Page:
Finney also directed and played the lead role of Sidney Kentridge in The Biko Inquest, a 1984 dramatisation of the inquest into the death of Steve Biko which was filmed for TV following a London run. In 1994 he played a gay bus driver in early 1960’s Dublin in A Man of No Importance. In 2002 his critically acclaimed portrayal of Winston Churchill in The Gathering Storm won him BAFTA, Emmy and Golden Globe awards as Best Actor. He also played the title role in the television series My Uncle Silas, based on the short stories by H. E. Bates, about a roguish but lovable poacher-cum-farm labourer looking after his great-nephew. The show ran for two series broadcast in 2001 and 2003.
A lifelong supporter of Manchester United, Finney narrated the documentary Munich, about the air crash that killed most of the Busby Babes in 1958, which was shown on United’s TV channel MUTV in February 2008.
By his first wife, Jane Wenham, he had a son, who works in the film industry as a camera operator. From 1970 to 1978, he was married to French actress Anouk Aimée. From 2006 until his death, Finney was married to travel agent, Penelope Delmage. In May 2011, Finney disclosed that he had been receiving treatment for kidney cancer. Finney died from a chest infection on 7 February 2019, at the Royal Marsden Hospital in Brompton, London, at the age of 82.
Awards and honours
Finney turned down the offer of a CBE in 1980, and a knighthood in 2000. He criticised the honours system for “perpetuating snobbery”.
He received five Oscar nominations but never won. He was nominated for the Academy Award for Best Actor four times, for Tom Jones (1963), Murder on the Orient Express (1974), The Dresser (1983), and Under the Volcano (1984); and once for Academy Award for Best Supporting Actor for his performance in Erin Brockovich (2000).
Julia Roberts mentioned Finney in her Oscar acceptance speech for Best Actress in Erin Brockovich, thanking him and “sharing” the Oscar with him.
Finney received 13 BAFTA nominations (9 film, 4 TV), winning two:
- 1960 Best British Actor for Saturday Night and Sunday Morning
- 1960 Most Promising Newcomer for Saturday Night and Sunday Morning Won
- 1963 Best British Actor for Tom Jones
- 1973 Best Actor for Gumshoe
- 1974 Best Actor for Murder on the Orient Express
- 1982 Best Actor for Shoot the Moon
- 1984 Best Actor for The Dresser
- 1990 Best Actor (BAFTA TV Awards) for The Green Man
- 1996 Best Actor (BAFTA TV Awards) for Karaoke/Cold Lazarus
- 1998 Best Actor (BAFTA TV Awards) for A Rather English Marriage
- 2000 Best Supporting Actor for Erin Brockovich
- 2002 Best Actor (BAFTA TV Awards) for The Gathering Storm Won
- 2003 Best Supporting Actor for Big Fish
In addition Finney received the BAFTA Fellowship in 2001.
He won an Emmy Award, for Outstanding Lead Actor in a Miniseries or Made for TV Movie, for his performance as Winston Churchill in HBO’s The Gathering Storm. He had previously been nominated for the HBO telefilm The Image (1990).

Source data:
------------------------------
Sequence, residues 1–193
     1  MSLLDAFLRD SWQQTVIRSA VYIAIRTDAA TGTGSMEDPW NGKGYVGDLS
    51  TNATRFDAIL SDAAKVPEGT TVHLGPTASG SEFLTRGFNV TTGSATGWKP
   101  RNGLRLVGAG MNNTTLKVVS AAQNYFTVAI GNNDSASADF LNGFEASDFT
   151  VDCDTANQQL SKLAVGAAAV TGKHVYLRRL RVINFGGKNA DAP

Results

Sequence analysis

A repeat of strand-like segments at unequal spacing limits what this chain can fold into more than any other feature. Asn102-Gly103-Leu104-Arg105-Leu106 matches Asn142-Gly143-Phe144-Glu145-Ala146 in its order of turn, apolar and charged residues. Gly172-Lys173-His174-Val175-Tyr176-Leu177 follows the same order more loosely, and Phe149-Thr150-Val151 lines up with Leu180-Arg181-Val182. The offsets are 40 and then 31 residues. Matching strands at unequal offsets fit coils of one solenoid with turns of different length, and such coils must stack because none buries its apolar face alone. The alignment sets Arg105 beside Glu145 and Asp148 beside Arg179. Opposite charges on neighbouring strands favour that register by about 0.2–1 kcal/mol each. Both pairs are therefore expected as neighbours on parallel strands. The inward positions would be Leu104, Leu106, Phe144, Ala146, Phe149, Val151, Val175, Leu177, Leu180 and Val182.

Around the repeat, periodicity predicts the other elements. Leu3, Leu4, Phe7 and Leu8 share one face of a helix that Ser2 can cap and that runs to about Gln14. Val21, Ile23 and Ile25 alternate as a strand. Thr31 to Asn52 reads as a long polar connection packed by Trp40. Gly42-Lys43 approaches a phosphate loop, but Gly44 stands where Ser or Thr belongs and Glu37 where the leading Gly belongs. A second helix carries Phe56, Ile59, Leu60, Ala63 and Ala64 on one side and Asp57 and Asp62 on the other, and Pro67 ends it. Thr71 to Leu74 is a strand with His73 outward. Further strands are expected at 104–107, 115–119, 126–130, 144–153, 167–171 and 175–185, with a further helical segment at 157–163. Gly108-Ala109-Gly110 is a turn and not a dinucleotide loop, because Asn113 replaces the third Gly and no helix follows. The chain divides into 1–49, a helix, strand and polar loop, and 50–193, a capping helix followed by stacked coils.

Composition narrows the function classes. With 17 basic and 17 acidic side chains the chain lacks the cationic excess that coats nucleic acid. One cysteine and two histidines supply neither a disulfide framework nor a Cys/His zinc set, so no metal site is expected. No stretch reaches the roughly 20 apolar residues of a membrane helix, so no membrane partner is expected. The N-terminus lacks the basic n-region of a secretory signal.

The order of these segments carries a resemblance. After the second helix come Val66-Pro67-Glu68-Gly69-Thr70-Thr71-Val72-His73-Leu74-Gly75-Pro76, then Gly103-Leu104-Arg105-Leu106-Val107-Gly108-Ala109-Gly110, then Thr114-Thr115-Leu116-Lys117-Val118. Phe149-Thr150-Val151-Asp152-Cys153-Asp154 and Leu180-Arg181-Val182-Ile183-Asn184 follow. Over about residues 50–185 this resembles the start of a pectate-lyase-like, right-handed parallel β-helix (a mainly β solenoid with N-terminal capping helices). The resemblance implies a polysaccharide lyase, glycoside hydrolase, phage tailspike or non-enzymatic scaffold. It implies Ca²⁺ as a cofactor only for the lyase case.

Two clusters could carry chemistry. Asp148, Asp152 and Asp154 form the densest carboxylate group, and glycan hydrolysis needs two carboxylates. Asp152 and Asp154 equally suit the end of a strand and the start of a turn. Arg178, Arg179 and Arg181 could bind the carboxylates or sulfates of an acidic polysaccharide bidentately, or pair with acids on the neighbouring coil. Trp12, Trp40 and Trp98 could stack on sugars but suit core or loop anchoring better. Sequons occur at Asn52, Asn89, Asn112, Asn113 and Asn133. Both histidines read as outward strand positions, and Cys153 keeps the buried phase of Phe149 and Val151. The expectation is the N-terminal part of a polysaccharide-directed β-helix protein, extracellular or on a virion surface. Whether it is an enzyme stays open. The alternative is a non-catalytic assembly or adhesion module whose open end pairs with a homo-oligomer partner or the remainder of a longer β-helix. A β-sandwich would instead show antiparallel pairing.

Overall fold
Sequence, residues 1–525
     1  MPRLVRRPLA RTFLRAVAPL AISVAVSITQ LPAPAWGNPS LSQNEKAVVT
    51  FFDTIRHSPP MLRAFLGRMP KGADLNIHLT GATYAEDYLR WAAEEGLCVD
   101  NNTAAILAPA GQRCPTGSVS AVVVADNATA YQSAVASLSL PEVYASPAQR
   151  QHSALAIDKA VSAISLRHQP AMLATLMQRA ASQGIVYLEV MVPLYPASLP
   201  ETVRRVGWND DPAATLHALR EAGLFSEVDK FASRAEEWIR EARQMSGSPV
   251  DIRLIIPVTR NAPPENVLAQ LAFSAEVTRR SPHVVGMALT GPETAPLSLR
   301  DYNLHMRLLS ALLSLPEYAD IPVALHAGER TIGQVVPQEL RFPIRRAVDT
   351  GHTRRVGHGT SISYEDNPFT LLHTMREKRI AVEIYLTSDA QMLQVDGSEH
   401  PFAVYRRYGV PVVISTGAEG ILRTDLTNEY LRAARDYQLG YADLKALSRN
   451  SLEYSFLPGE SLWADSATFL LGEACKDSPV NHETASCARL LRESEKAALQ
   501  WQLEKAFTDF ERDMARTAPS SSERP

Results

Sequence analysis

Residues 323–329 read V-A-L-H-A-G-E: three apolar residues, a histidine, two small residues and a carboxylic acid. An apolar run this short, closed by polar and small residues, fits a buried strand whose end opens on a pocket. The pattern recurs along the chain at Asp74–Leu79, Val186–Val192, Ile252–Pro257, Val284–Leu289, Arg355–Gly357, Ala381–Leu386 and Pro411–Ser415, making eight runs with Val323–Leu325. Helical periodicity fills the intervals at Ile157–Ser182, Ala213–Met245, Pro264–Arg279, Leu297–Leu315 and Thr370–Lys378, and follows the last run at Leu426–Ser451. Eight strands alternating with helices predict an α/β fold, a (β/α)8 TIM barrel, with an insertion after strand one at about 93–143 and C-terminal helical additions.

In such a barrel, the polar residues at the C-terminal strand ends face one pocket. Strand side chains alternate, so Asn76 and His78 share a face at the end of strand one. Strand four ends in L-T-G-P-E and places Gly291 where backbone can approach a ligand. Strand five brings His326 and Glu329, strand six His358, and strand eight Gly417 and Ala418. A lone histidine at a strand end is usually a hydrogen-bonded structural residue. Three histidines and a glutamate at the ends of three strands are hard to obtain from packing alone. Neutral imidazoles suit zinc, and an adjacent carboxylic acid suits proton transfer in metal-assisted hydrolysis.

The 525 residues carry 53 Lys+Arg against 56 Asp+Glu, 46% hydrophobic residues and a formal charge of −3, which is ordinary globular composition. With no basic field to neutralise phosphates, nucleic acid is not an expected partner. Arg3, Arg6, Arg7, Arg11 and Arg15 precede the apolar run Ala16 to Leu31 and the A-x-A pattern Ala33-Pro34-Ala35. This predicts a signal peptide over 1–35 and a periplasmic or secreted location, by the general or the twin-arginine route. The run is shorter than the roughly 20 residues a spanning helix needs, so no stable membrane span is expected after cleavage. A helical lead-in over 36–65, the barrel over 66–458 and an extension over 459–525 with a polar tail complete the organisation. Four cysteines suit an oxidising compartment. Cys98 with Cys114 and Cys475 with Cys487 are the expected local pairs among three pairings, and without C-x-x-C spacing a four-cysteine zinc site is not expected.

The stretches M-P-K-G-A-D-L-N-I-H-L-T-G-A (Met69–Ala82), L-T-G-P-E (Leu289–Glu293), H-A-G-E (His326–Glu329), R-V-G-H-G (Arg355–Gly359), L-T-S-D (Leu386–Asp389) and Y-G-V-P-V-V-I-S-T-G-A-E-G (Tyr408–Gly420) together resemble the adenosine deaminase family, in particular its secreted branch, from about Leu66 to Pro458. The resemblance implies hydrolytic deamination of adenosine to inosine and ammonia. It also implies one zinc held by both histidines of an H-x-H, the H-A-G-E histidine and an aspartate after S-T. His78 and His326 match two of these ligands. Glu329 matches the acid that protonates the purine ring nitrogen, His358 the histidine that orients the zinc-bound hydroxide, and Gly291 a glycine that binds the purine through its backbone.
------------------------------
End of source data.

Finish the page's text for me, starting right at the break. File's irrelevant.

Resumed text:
He received nine Golden Globe nominations, winning three:
- 1963 Best Actor in a Motion Picture – Musical or Comedy for Tom Jones
- 1963 Most Promising Newcomer (Male) for Tom Jones – Won
- 1970 Best Actor in a Motion Picture – Musical or Comedy for Scrooge, Won
- 1982 Best Actor in a Motion Picture – Drama for Shoot the Moon
- 1983 Best Actor in a Motion Picture – Drama for The Dresser
- 1984 Best Actor in a Motion Picture – Drama for Under the Volcano
- 2000 Best Supporting Actor in a Motion Picture for Erin Brockovich
- 2002 Best Performance by an Actor in a Mini-Series or a Motion Picture Made for Television for The Gathering Storm Won
- 2003 Best Supporting Actor in a Motion Picture for Big Fish
For his work on Broadway, Finney was nominated for two Tony Awards, both for Best Actor in a Play, for Luther in 1964, and A Day in the Death of Joe Egg in 1968. For the London stage, he won the Olivier Award, for Best Actor, for Orphans in 1986. He won the Evening Standard Theatre Award for Best Actor three times, for A Flea in Her Ear in 1966, Tamburlaine the Great in 1976 and Orphans in 1986.
Other awards include: a Golden Laurel for his work on Scrooge (1970) and for his work on Tom Jones, for which he was the 3rd Place Winner for the “Top Male Comedy Performance” for 1964. He was honored by the Los Angeles Film Critics’ Association as Best Actor for Under the Volcano (which he tied with F. Murray Abraham for Amadeus), the National Board of Review Best Actor award for Saturday Night and Sunday Morning, and the New York Film Critics’ Circle Best Actor award for Tom Jones.
Finney won two Screen Actors’ Guild Awards, for Best Performance by a Male Actor in a Supporting Role, for Erin Brockovich, and as a member of the acting ensemble in the film Traffic. He was also nominated for The Gathering Storm, for Best Performance by a Male Actor in a Television Movie or Miniseries, but did not win.
He won the Silver Berlin Bear award for Best Actor, for The Dresser, at the 34th Berlin International Film Festival in 1984.
He won the Volpi Cup for Best Actor, for Tom Jones, at the Venice Film Festival.